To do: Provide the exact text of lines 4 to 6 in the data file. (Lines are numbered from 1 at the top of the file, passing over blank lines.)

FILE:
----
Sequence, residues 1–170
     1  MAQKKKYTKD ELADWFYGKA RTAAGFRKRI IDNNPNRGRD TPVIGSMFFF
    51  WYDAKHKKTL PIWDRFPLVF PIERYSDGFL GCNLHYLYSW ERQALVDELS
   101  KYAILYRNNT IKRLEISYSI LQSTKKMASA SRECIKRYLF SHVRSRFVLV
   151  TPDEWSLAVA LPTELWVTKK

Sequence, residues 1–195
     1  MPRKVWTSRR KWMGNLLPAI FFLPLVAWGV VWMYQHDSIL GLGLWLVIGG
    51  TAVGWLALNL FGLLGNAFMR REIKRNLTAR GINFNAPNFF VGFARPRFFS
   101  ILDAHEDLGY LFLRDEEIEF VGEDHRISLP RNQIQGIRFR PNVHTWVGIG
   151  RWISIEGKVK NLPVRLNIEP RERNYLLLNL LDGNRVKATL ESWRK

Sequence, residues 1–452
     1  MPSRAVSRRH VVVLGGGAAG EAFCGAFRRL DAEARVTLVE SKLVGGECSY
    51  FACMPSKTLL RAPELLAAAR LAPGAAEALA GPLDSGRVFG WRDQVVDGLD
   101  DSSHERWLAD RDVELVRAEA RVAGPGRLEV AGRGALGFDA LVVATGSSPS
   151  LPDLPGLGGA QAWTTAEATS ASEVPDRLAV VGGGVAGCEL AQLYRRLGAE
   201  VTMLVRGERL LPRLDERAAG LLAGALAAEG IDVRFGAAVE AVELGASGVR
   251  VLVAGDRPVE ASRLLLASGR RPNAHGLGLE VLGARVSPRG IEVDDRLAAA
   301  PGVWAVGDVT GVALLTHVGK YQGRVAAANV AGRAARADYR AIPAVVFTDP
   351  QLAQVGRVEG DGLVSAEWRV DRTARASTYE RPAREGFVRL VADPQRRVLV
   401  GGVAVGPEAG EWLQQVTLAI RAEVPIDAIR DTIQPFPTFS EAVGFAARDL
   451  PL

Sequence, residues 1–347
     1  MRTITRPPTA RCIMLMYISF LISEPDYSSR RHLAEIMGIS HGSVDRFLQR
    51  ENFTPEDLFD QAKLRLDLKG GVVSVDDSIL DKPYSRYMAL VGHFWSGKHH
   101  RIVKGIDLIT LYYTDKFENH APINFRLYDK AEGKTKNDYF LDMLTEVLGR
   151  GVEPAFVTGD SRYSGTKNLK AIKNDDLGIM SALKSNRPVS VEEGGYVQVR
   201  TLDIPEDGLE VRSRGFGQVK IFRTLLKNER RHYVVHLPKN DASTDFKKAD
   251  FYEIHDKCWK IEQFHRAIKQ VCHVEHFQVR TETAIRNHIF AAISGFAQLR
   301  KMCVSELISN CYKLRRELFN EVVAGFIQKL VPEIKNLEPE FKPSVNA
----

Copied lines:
   101  KYAILYRNNT IKRLEISYSI LQSTKKMASA SRECIKRYLF SHVRSRFVLV
   151  TPDEWSLAVA LPTELWVTKK

Sequence, residues 1–195